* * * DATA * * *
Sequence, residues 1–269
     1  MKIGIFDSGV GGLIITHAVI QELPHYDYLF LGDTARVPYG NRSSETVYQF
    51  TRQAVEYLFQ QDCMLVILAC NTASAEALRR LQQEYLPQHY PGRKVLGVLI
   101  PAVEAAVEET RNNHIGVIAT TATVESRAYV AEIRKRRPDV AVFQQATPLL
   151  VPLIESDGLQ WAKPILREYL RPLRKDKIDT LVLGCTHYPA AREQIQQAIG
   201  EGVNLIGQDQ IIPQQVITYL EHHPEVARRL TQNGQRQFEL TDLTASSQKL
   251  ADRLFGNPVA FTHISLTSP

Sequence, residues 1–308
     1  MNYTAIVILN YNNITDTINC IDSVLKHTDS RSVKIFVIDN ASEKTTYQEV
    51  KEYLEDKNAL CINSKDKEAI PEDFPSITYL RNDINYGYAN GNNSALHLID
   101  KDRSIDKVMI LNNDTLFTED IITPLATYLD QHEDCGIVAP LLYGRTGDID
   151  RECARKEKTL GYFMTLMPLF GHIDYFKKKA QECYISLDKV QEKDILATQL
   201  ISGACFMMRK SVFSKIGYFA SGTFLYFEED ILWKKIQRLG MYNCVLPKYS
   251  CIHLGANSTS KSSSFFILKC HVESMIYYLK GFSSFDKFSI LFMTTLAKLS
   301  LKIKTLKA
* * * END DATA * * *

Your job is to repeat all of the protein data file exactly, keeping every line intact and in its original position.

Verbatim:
Sequence, residues 1–269
     1  MKIGIFDSGV GGLIITHAVI QELPHYDYLF LGDTARVPYG NRSSETVYQF
    51  TRQAVEYLFQ QDCMLVILAC NTASAEALRR LQQEYLPQHY PGRKVLGVLI
   101  PAVEAAVEET RNNHIGVIAT TATVESRAYV AEIRKRRPDV AVFQQATPLL
   151  VPLIESDGLQ WAKPILREYL RPLRKDKIDT LVLGCTHYPA AREQIQQAIG
   201  EGVNLIGQDQ IIPQQVITYL EHHPEVARRL TQNGQRQFEL TDLTASSQKL
   251  ADRLFGNPVA FTHISLTSP

Sequence, residues 1–308
     1  MNYTAIVILN YNNITDTINC IDSVLKHTDS RSVKIFVIDN ASEKTTYQEV
    51  KEYLEDKNAL CINSKDKEAI PEDFPSITYL RNDINYGYAN GNNSALHLID
   101  KDRSIDKVMI LNNDTLFTED IITPLATYLD QHEDCGIVAP LLYGRTGDID
   151  RECARKEKTL GYFMTLMPLF GHIDYFKKKA QECYISLDKV QEKDILATQL
   201  ISGACFMMRK SVFSKIGYFA SGTFLYFEED ILWKKIQRLG MYNCVLPKYS
   251  CIHLGANSTS KSSSFFILKC HVESMIYYLK GFSSFDKFSI LFMTTLAKLS
   301  LKIKTLKA